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The Research on Homeschooling

The academic, social, and long-term outcomes for children in home schools.

About 4 to 5 million children in the United States (or approximately 8 to 9% of school-age children) were homeschooled in March 2021. This statistic increased dramatically during the pandemic: Only 2.5 million (or 3 to 4% of school-age children) were homeschooled in spring 2019.

The most common reason cited for homeschooling (before the pandemic) was concern about the local school environment, including safety and negative peer pressure. Many parents also choose to homeschool due to dissatisfaction with the educational quality of local schools, or for religious reasons.

However, many parents and caregivers considering homeschooling may be especially concerned about how homeschooling might impact their child’s academic progress and social development. Does the research find any differences between children who were homeschooled versus children in conventional school?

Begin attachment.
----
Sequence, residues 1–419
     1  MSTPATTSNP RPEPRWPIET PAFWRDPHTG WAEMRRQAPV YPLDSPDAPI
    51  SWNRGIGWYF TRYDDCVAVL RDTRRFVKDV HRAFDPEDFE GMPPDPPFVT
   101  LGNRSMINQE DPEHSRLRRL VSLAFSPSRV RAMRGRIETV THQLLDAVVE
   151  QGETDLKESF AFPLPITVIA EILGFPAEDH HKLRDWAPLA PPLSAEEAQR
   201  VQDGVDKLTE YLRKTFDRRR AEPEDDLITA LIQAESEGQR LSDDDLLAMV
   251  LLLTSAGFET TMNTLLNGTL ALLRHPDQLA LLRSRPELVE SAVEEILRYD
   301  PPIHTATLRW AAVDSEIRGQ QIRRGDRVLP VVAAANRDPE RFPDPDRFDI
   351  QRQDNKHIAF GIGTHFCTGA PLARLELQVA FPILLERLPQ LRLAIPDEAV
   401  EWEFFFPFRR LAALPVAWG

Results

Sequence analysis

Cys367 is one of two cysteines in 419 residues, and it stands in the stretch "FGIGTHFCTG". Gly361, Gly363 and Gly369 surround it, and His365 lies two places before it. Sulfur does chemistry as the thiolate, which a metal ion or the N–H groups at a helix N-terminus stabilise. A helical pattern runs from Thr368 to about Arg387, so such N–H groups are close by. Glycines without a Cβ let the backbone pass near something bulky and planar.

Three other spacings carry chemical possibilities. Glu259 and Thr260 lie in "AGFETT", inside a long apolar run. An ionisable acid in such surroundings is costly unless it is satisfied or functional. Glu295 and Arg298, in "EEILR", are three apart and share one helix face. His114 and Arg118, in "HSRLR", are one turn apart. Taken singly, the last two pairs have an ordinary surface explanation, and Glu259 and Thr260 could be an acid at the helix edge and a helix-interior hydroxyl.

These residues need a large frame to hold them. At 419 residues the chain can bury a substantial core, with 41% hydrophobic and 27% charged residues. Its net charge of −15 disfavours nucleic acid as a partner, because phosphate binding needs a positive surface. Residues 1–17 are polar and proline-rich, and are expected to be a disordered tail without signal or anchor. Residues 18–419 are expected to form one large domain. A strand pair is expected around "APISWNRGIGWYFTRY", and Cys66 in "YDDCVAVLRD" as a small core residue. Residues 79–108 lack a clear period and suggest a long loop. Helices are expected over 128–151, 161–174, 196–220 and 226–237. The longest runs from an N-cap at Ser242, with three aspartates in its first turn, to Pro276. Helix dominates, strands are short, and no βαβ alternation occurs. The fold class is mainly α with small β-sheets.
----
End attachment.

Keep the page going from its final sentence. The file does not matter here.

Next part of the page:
Academic Performance

Homeschooled students tend to score higher on tests of academic skills when compared to children in public schools across most studies. However, it is difficult to draw any conclusions from these studies since most do not control for important family demographic factors and compare self-selected homeschooling families’ test scores (from tests proctored by parents) to national averages. Interestingly, children in a “structured” homeschool program — that is, a homeschool program with organized lesson plans — tend to score higher on academic tests than children from conventional schools, while children in “unstructured” homeschool environments without organized lesson plans tend to score lower than children in conventional schools.

Social Skills